The holidays can be a dreaded time of the year if someone you love is suffering or has lost their battle with the disease of addiction.  This will be my second Christmas without my daughter Laura who struggled for 15 years with addiction but lost her life to overdose on December 21, 2017, right before the holidays.  It’s hard to think about gift giving during this time of year, because the holidays may be filled with regret, grief, or stress.   This Audio Journal focuses on gifts, not for others on your list, but those that you should give to yourself.  Today’s episode is devoted to the gift of knowledge. I’ve talked to countless parents and family members who are struggling to make sense of their loved one’s substance misuse, crazy behavior, and personality change.  We often mistake addiction as a moral failing or a series of bad choices, failing to recognize that addiction is a chronic complex brain disease.  Now, let’s figure out how to unwrap the gift of knowledge so you are more prepared to deal with it. Start with understanding the science behind addiction.  Addiction is a brain disease and there is a scientific underpinning about how it manifests itself and progresses.  Let me take another brain disease that millions of us know about as an analogy, Alzheimer’s. There is a scientific and physical reason that people’s memories disappear.  It has to do with plaque coating the transmitters in the brain that allow one to process and act on information.   Once there is enough plaque build-up, signals can’t get through and memory fails.  People that have Alzheimer’s are not being difficult or frustrating’ their brain is misfiring. The human brain is wired to reward us when we do something pleasurable. Exercising, eating, and other pleasurable behaviors directly linked to our health and survival trigger the release of a neurotransmitter called dopamine that makes us feel good and encourages us to keep doing what we’re doing.  But the brain can also be rewired in harmful ways when it’s exposed to drugs. When someone takes a drug, their brain releases extreme amounts of dopamine causing the brain to overreact, reducing dopamine production in an attempt to normalize these sudden, sky-high levels the drugs have created. And this is how the cycle of addiction begins because the individual will seek those substances to get that dopamine rush. So that’s part of the science of addiction.  It’s the brain’s rewiring to overproduce dopamine levels that rise and crash, causing the person to seek more of the substance to level themselves out.  You next level of knowledge should be around the condition itself.  Addiction is not an acute disease that can be treated quickly and cured.  It’s a chronic condition that will last a lifetime and requires on-going maintenance and management.  When you treat diabetes, you can’t take insulin just once, feel better right away, then stop. You have to manage yourself with medication, diet and lifestyle change over a lifetime.  The same is true of addiction. People go to rehab to treat the acute symptoms and get stabilized.  They come out looking healthy, but it’s a mistake to believe that because their acute symptoms have been dealt with the person is cured.   Without the proper long-term plan, the chances are 85% that they will return to substance misuse in less than a year following rehab.  It’s important to know the difference in the characteristics of an acute vs. a chronic disease so you know that you must play the long game. That brings us to the next knowledge gift which is know how to manage the disease long-term.  This is the most complex part of the equation and requires the most knowledge and research.  It’s important that you understand that the recovery and disease management process have many components.  First, there is a need for structure and accountability.  Because addiction has impacted the logic center of the brain, making the smallest decisions on what to do and where to go may be difficult for an addict, so the more help in this area the better. Then, there is a need for connections.  Addicts need to connect with treatment professionals, connect with each other for support, and connect with family.  The more people that are in the equation, the better the recovery process.  Next, there is the need to maintain a healthy lifestyle.  This involves a good diet, exercise, stress reduction, anxiety management and a commitment to health and wellness. For some people, medication is helpful, something we call Medication Assisted Therapy or MAT.  This has to be a careful decision because some medications, as with my daughter Laura who used Suboxone, can be misused and counterproductive to recovery. The bottom line is that having the knowledge of how to manage the disease long-term empowers you to make the right decisions to support yourself or your addicted loved one. And the final gift you need to unwrap is the knowledge of how you fit into the process.  The family’s understanding, support, and role in the recovery process is critical to the long-term health of the person that is addicted.  It starts with understanding that this is a disease, not a moral failing so the addict doesn’t feel more shame and guilt than he or she already does.  It then falls to what you can do to help treat the disease vs make it worse.  If you have a diabetic in your family, you don’t feed them cake.  It’s important to know what you should do and what you should avoid to help keep your loved one healthy.  The first “to do” on the list is to set expectations and boundaries so the person knows what to expect from you.  The next is to understand the warning signs that your loved one is being triggered to return to substance use coupled with an understanding of how to have that conversation and what they are willing to do to let you help them.  There are many more elements that go on this list, so it’s important to understand the “do’s and don’ts” of your role in the recovery process. Takeaways Knowledge is a powerful gift and with the disease of addiction, it’s critical.  You have to understand the science behind the disease, the characteristics of the condition, how to manage it as a chronic disease and your role in keeping the person you love healthy.   It’s said that knowledge is power and with the disease of addiction, empower yourself to understand it so you can manage it on behalf of yourself and your loved ones.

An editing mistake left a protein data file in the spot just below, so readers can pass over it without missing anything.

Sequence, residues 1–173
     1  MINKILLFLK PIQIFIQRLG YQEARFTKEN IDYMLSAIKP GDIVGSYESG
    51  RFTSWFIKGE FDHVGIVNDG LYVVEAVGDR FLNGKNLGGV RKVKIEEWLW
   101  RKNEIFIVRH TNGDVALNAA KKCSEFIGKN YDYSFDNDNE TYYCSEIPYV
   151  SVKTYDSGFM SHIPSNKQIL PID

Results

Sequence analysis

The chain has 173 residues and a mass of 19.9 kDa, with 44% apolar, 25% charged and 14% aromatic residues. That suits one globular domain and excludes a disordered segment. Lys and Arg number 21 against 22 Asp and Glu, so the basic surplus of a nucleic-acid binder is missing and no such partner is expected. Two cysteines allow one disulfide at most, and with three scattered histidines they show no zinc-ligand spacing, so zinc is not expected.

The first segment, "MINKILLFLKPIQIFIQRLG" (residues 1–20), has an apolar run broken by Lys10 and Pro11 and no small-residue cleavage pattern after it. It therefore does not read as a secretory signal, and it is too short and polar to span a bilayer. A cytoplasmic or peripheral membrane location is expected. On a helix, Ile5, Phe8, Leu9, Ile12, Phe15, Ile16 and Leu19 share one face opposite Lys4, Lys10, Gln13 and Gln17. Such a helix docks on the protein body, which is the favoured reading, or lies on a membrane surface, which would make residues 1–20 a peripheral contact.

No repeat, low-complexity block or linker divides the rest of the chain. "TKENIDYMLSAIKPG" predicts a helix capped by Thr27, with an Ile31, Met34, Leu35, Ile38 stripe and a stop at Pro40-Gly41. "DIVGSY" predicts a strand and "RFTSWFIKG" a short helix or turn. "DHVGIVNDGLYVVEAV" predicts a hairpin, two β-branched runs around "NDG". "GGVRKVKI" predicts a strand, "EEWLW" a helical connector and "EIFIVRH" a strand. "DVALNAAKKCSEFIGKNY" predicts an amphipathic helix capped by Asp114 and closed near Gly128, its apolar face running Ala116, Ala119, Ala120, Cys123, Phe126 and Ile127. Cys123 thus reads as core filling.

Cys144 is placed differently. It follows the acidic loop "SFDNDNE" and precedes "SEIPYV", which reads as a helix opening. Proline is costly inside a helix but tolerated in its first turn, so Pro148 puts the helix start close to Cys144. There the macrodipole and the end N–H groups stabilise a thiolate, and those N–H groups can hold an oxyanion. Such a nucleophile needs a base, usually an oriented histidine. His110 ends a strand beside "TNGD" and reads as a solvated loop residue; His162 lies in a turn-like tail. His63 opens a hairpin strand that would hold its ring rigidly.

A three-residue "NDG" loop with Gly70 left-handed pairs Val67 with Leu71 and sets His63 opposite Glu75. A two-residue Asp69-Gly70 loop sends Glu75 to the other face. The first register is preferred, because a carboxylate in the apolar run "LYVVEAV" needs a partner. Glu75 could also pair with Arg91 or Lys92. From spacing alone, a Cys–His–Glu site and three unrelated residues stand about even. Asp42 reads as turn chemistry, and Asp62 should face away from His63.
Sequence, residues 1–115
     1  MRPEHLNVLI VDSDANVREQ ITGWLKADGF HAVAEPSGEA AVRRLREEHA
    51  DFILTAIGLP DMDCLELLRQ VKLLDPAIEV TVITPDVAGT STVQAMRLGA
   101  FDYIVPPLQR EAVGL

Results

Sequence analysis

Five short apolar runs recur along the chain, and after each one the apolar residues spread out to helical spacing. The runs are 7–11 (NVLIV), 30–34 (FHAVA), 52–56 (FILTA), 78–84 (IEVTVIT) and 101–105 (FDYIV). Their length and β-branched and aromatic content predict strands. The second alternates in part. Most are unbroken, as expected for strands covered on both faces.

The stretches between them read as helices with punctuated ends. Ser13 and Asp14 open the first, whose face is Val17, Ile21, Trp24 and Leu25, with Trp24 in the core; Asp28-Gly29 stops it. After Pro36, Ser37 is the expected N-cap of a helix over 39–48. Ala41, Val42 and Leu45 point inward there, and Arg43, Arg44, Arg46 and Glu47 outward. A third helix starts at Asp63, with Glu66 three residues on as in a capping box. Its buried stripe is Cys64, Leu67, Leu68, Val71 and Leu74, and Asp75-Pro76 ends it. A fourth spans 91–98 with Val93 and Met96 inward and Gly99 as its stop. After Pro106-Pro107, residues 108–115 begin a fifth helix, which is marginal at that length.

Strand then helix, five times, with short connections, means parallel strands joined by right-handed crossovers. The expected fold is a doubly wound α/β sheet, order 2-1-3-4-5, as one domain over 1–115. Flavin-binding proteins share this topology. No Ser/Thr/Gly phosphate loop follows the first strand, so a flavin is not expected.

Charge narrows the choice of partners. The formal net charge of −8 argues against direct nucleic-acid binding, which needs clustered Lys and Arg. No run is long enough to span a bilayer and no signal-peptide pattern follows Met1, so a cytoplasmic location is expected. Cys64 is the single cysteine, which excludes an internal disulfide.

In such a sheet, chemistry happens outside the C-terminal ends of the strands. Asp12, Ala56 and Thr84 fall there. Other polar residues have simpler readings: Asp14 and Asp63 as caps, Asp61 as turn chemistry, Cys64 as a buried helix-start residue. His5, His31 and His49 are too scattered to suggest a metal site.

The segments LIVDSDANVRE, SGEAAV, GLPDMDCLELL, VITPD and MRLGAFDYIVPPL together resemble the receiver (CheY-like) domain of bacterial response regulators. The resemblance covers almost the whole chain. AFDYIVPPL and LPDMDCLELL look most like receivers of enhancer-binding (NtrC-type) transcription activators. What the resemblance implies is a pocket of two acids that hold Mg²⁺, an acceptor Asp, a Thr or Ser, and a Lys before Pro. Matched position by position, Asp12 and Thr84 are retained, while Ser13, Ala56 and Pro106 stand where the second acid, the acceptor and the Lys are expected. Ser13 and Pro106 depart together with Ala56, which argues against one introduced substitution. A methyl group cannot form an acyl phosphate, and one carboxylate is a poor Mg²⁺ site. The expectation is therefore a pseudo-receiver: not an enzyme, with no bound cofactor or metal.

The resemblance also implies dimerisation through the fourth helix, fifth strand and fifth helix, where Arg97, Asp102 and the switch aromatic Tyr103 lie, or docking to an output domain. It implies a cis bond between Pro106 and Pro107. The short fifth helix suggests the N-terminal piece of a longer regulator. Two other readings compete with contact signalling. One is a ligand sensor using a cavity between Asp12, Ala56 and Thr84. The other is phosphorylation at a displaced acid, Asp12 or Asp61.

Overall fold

Episode 14 - Gifts to Give Yourself During the Holidays